NFL wants to tackle diversity issues with data system in Rooney Rule expansion

0
90


Kansas City Chiefs quarterback Patrick Mahomes (15) shakes hands with Kansas City Chiefs offensive coordinator Eric Bieniemy after scoring a touchdown in the first quarter of the LIV Super Bowl on February 2, 2020 at Hard Rock Stadium in Miami Gardens, Florida.

Rich Graessle | Icon Sportswire | Getty Imagaes

The National Football League has completed the first phase of its Rooney Rule expansion, which officials hope will help catch up by improving diversity across the league.

After the 2019 season, only one of five vacant head coaching positions was filled by a minority coach – Ron Rivera in Washington. According to research done since 2009 by Arizona State University, the NFL has never had more than eight minority head coaches, while white coaches accounted for up to 28 (in the 2013-14 season).

Among the changes the team owners approved on Tuesday is the increase in the number of candidates interviewing for head coaching positions. The teams will now have to speak with two minority candidates. They must also speak with at least one minority candidate for all coordinator and managerial positions.

But one of the elements that received a backlash was a plan to encourage minorities to hire with draft choices. NFL Commissioner Roger Goodell said the owners have decided to “table” the idea for further discussion.

Former NFL coach Tony Dungy told CNBC that most of the “good” changes from the proposal had not received “much visibility” while conversations around the temporary incentives were on the rise. honor.

Diversity data

A key element of the plan includes retrieving detailed information about each position throughout each team’s business and football operations.

Dasha Smith, Executive Vice President and Chief Executive Officer of the NFL, formed the idea of ​​collecting “various diversity data” such as age, gender, race and “generations”, which Smith says can be collected to project “how many people are going to think about retiring.” “

“We don’t just collect information about minorities. We collect information on… overall demographics for every position you can imagine in a club and in the league office. “

NFL executive vice president of football operations Troy Vincent said the system would be “universal” and follow the parameters of diversity.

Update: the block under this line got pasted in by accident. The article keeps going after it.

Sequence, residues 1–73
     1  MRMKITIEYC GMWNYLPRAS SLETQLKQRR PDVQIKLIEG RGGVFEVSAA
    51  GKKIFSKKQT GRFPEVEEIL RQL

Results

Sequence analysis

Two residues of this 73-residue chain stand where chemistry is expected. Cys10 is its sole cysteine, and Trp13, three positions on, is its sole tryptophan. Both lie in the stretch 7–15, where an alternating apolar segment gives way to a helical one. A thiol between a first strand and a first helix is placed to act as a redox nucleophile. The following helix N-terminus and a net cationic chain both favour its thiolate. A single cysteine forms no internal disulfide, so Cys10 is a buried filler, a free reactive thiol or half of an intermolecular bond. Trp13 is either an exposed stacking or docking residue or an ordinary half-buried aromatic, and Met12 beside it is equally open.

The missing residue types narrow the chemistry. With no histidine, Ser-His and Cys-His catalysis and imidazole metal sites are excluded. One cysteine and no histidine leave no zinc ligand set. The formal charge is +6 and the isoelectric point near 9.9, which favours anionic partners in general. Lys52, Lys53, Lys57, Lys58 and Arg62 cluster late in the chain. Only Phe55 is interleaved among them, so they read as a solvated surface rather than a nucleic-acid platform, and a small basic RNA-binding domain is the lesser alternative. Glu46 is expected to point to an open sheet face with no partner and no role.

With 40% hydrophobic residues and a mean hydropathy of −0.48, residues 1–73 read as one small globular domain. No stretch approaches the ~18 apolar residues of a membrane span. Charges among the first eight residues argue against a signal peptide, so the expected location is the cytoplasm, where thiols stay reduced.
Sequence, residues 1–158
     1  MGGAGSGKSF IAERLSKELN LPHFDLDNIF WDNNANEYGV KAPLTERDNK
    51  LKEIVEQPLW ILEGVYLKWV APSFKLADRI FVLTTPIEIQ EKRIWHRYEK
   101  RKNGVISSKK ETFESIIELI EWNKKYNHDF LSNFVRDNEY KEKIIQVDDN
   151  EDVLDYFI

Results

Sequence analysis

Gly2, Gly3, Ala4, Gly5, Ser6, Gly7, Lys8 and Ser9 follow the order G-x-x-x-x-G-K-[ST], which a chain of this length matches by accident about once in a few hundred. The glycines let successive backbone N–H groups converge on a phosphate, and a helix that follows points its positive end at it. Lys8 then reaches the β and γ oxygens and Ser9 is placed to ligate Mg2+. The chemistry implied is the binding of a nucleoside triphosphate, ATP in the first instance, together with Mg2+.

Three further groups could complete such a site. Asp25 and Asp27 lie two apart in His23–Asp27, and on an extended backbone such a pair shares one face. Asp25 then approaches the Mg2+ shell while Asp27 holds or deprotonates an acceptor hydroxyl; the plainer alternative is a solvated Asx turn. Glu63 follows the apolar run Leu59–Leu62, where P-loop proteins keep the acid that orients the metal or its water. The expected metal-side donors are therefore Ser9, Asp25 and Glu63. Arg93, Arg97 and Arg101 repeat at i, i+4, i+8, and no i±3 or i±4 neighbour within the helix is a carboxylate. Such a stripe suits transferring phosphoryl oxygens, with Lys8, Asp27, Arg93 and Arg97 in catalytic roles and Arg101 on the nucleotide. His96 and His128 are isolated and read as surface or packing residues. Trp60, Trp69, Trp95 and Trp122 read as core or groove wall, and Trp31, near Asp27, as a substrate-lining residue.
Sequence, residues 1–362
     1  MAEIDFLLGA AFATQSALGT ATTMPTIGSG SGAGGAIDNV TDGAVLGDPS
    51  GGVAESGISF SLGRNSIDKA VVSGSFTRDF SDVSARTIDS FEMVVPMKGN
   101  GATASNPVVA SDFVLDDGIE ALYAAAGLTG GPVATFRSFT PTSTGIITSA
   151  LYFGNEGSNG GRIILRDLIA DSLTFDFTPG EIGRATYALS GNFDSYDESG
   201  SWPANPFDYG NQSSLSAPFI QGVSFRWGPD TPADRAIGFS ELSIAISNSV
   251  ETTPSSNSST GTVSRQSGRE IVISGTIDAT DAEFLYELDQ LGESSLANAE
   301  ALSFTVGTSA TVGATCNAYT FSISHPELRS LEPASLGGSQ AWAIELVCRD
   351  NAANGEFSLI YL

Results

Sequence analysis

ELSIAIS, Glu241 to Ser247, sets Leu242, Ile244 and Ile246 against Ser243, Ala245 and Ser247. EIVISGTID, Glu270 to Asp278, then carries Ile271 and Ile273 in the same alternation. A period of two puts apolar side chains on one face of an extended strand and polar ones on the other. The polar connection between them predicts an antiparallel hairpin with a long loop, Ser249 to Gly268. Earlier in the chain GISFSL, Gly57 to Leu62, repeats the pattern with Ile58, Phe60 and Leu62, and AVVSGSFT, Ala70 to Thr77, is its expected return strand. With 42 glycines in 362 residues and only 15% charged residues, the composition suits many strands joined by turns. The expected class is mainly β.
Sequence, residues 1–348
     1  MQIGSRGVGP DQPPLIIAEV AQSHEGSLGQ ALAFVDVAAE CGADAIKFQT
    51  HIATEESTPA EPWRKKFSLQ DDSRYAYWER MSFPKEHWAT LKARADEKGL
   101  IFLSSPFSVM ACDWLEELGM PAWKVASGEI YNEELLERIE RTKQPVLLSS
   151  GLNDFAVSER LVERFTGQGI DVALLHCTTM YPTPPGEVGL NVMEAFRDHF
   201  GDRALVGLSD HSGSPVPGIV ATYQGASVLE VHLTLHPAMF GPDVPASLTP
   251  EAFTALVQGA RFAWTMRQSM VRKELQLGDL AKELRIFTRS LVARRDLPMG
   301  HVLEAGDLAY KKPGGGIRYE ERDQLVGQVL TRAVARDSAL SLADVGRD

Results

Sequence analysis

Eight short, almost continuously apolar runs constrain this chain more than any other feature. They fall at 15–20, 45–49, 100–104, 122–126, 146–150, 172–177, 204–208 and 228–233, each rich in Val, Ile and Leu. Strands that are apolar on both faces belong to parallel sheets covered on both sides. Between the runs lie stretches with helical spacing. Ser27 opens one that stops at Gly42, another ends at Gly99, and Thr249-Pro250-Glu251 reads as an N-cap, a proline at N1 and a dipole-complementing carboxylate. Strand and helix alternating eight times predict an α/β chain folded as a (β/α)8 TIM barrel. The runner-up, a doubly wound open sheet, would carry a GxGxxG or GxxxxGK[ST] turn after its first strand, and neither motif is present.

“This has never happened before – from the league office in New York, New Jersey, Los Angeles and the 32 clubs. Centralized data collection so that we can really measure it, ”he said.

The system will also track former minority coaches who have not received any other offers of head coaching. Harrison mentioned former head coaches like former Arizona Cardinals coach Steve Wilks and former Buca Bay Tampa coach Raheem Morris, before asking, “How are they revamped after their first opportunity to be in a major leadership role? “

Dungy used New England Patriots head coach Bill Belichick as an example. Before leading the Patriots to dominance, Belichick’s first stint as head coach came with the Cleveland Browns in 1991.

“They didn’t win,” said Dungy of the Browns, who finished 36-44 under Belichick’s tenure. “But he had to bounce back and had another opportunity and ended up winning six Super Bowls. This should be an object lesson for all of us. But it doesn’t always happen that way. “

The question of “mobility”

Vincent said the new data could help tackle the “mobility” problem of the NFL, where teams rarely promote minorities in head coaching positions.

“To dive deeper and look at the nuances, you have to look at the mobility,” said Dr. Keith Harrison, an associate professor at the University of Central Florida who helps compile the university’s NFL diversity report. The 2019 score has been downgraded to B-less overall.

Harrison said the new NFL data will help teams identify emerging talent.

“This will be the key to the fact that it is not anecdotal and it is not hearsay. It’s scientific, it’s practiced, and it’s going to be systemic, “he said.

Dungy said team owners tend to watch playoff teams and offensive coordinators when filling the head coach slots. The Arizona State report found that 40% of coach recruitments since 2009 have come from attacking backgrounds – and 91% of coordinators since then have been white.

But at the moment, there are only two minority offensive coordinators in the NFL, including Eric Bieniemy of the Kansas City Chiefs. Bieniemy helped the Chiefs win the Super Bowl LIV, but he was ignored for three jobs he interviewed, including the Carolina Panthers, who instead hired Matt Rhule – a college coach with no experience in the NFL.

Pittsburgh Steelers owner Art Rooney II noted that minorities did not have the opportunity to develop offense.

“We talked about it and looked for ways to make sure that we develop minority coaches,” he said.

Former NFL coach Tony Dungy speaks at the 2019 Athletes in Action / Bart Starr Awards at the 32nd Annual Super Bowl Breakfast during Super Bowl LIII Week February 2, 2019 at Marriott Marquis in Atlanta , GA.

Rich Graessle | Icon Sportswire | Getty Images

Despite all the good efforts, the owners are essential to effect real change.

The NFL can collect tons of diversity data. It can implement new systems and even get organizations like the Fritz Pollard Alliance to support its efforts.

But will the owners use the data or ignore it? Will they follow the letter of the changes while thinking of new ways to get around them – what Dungy called the “spirit” of the Rooney rule?

“We have discovered that you cannot legislate,” said Dungy. “I think we have to show the owners that it will be good for them, that it will be good for business. “

“If you broaden your horizons, think outside the box, you can improve your team,” continued Dungy. “You can be more successful. In a way, this is what we need to get across. “

LEAVE A REPLY

Please enter your comment!
Please enter your name here